Last time we looked at $10 California chardonnay – a category generally to be avoided – we found an old favorite, Chalone Vineyard Monterey County, on sale locally for less than $10 a bottle. Now, not only is Chalone frequently on sale for as little as $8 a bottle, but the lingering economic gloom has kept several other reliable bottles under the magic $10 mark.
See the slideshow for representative prices and availability at a wine shop near you.
“A lovely quaffer, with nice, light Chardonnay fruit,” is how Journal columnists Dorthy J. Gaiter and John Brecher de thatscribed the 2007 vintage of Clos de Bois. “Lightly toasted, so it’s fun as a glass of Chardonnay at the bar but could pair with lighter meals, too,” they wrote, rating it, Good/Very Good in June of 2009.
Like the Robert Mondavi Private Selection wines we featured last month, Clos du Bois is what wine geeks call a “grocery store wine,” which to some might suggest it’s not worthy of your attention. But we use it simply to mean a wine made in large enough quantities to be distributed to any wine shop that wants it, including large grocery chains and convenience stores.
Indeed, many of the mass market wines aren’t particular interesting, and don’t display all the aromas and flavors characteristic of the grapes they’re made from. Wine geeks would say they’re not “varietally correct.” But we’d just say they taste like generic red, white or pink wine. There’s nothing wrong with them. It’s just that there are many more interesting wines you can enjoy for $10, $8 and sometimes even $5 a bottle (like this or these).
Yet some grocery store brands like Clos du Bois do a remarkable job of making good, interesting California chardonnay – wine that tastes very much like what you’ll get when you plunk down $20 or more for a bottle. Another of our favorite grocery store brands is Bogle Vineyards, which sells 1.2 million cases of wine in the U.S. each year. Aside from a solid, consistently good chardonnay, Bogle makes a range of wines from merlot, sauvignon blanc, cabernet, pinot noir, zinfandel and the like, all of which are likely to please when you find one at the grocery.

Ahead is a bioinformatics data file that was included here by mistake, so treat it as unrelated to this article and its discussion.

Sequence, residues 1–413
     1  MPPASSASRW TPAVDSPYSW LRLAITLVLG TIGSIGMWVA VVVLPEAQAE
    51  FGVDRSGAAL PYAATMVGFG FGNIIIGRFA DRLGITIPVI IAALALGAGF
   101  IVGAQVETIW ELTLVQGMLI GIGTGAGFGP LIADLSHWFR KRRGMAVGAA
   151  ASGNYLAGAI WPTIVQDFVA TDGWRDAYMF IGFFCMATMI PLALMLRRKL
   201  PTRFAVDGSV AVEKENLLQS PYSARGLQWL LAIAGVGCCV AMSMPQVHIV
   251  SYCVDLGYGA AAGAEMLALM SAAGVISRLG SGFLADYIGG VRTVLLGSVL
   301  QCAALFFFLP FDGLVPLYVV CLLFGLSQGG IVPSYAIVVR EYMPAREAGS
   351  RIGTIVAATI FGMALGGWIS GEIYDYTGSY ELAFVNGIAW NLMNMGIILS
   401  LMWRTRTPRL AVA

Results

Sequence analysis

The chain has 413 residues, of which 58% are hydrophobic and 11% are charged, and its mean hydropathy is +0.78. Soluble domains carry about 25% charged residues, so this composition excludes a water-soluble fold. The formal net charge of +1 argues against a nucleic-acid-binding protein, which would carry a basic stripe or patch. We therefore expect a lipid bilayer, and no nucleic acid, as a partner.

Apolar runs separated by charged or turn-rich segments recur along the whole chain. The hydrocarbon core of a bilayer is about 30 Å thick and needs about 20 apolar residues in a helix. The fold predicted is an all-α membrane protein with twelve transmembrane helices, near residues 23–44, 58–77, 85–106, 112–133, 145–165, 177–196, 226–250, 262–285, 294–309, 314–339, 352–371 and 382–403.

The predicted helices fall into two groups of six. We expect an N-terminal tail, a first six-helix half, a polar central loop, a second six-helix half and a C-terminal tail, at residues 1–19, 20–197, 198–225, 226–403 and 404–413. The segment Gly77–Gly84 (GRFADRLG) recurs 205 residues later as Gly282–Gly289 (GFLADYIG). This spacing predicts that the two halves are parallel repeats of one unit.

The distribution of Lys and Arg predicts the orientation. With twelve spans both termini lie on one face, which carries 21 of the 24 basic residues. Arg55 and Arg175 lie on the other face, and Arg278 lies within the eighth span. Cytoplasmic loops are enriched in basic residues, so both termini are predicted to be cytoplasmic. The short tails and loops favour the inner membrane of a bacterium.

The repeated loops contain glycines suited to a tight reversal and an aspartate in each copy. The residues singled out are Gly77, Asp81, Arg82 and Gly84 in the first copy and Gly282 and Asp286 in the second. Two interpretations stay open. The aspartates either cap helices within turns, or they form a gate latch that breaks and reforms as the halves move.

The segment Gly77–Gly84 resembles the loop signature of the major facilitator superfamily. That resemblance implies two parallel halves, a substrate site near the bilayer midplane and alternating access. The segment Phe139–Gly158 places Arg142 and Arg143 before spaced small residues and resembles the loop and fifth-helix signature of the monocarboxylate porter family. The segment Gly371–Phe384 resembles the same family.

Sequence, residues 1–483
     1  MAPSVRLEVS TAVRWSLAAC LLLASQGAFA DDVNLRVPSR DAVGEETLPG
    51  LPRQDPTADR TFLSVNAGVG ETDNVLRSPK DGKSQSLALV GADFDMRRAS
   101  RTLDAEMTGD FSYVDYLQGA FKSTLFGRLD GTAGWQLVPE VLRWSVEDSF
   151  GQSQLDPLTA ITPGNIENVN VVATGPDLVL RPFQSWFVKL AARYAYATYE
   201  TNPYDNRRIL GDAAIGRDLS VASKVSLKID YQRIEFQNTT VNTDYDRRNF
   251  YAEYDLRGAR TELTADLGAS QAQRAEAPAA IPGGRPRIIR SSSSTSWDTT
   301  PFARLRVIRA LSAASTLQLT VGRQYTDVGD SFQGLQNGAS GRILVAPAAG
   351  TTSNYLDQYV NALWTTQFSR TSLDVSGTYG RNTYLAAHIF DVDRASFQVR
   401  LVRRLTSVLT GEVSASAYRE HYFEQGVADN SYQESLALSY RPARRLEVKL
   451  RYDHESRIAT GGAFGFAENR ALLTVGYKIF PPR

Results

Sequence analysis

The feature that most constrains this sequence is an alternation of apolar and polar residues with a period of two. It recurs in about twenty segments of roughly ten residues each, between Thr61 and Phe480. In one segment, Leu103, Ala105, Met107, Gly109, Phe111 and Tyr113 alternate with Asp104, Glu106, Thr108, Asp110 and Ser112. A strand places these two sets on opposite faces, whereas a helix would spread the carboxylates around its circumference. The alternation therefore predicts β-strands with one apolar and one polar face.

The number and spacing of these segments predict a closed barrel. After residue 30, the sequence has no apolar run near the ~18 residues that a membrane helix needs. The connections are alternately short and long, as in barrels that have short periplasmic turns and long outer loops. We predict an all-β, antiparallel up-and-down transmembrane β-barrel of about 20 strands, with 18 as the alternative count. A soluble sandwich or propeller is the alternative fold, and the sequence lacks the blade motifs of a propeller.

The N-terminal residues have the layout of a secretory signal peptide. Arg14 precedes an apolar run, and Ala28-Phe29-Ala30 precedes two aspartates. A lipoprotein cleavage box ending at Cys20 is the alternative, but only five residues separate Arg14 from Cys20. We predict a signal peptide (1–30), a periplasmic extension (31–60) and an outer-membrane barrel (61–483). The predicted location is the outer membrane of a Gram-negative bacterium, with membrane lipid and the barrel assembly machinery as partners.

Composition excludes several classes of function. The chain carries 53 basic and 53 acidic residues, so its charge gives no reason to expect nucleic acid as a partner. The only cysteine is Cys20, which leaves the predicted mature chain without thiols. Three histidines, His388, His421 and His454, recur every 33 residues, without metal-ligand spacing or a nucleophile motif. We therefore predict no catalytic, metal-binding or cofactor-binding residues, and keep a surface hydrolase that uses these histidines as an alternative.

“Fresh, intense and vibrant, with sweet pea, green apple, melon and honeysuckle notes that are full-bodied, ending with a clean, crisp finish,” is how James Laube described it in the April 30, 2011 issue.
Bogle made 250,000 cases of its California chardonnay. But the granddaddy of grocery store chardonnays, Kendall-Jackson Vintner’s Reserve is produced in small batches of 2 million cases annually. (If that’s the “Reserve,” we don’t really want to know how much regular wine they make!)
Yet as Gaiter and Brecher noted way back when, “if you really, really are determined to pick up an American Chardonnay for less than $20, perhaps for entertaining this summer, you could do a lot worse than good old Kendall-Jackson.”
The husband and wife team of wine writers disagree about it. “Dottie likes its round, buttery, mouth-coating and slightly Muscaty tastes, while John finds it too lab-made and oaky.
“But we both agree that there’s never anything wrong with it and it’s easy enough to drink. It’s a solid Good wine, it costs about $12 or so and it’s available pretty much everywhere.”
In fact, it’s available for less than $10 locally at all Total Wine, Corridor, Calvert Woodley and elsewhere.
What’s the moral of the story? For chardonnay drinkers it’s don’t head blindly down the domestic chardonnay isle in the wine shop – or the grocery store – looking for cute labels you’ve never tried. You’re likely to be disappointed. Stick with the ones you know and like.
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